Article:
Painting a room in your home can be intimidating considering the number of color choices available. It can be difficult to narrow down your choices just using paint chips and paper swatches. Although you may have narrowed down your choices to one color, slight differences in the hue of the room or the outside daylight can can affect the color once the paint is on the wall.
It’s important to take home some paint samples and actually test them on your wall before you make your finally choice of color.
If we tell you that preparing surfaces to be painted take as long or longer than applying the paint, would you believe us? Believe it. A successful paint job starts with choosing excellent materials, but the prep work can not be neglected. If so, it can make the paint job difficult to maintain. Surfaces not properly prepared results in poor coating adhesion.
Which method of surface preparation depends on the substrate, environment, and the expected life of the coating system. Depending on the situation, a painting professional can advise on which method will be best.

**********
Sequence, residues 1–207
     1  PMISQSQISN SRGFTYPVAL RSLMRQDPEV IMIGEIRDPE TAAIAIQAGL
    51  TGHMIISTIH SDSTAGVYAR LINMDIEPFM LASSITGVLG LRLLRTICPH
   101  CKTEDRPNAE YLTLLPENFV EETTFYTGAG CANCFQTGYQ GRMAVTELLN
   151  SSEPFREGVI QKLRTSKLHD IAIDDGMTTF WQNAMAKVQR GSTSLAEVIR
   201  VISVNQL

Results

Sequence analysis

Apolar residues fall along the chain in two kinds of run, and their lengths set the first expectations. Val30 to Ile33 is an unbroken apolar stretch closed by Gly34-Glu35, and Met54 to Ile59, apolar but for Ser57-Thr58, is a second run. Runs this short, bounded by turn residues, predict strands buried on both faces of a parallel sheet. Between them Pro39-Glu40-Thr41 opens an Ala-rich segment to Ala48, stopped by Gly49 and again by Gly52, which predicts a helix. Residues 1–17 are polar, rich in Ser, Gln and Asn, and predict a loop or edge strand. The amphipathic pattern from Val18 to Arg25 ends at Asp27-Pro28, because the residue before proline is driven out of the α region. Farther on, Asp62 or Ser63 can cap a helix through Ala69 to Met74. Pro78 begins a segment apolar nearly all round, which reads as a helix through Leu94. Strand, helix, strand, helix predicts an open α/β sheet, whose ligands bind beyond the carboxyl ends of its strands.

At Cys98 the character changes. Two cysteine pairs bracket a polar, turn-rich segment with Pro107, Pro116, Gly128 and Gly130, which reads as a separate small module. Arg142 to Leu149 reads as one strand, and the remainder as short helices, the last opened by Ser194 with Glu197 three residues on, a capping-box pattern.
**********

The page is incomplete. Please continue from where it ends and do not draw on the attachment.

Basically, the surface must be dry and in sound condition. Steps will be taken to remove mildew, oil, dust, dirt, loose rust, peeling paint or other contaminates that would prevent good adhesion.
Obviously, no exterior painting should be done immediately after a rain, during foggy weather, or when rain is predicted. Although, most coatings are now formulated for low temperature use. Unless the paint clams it can be used down to 35°F. Exterior painting should also be avoided if the temperature is below 50°F.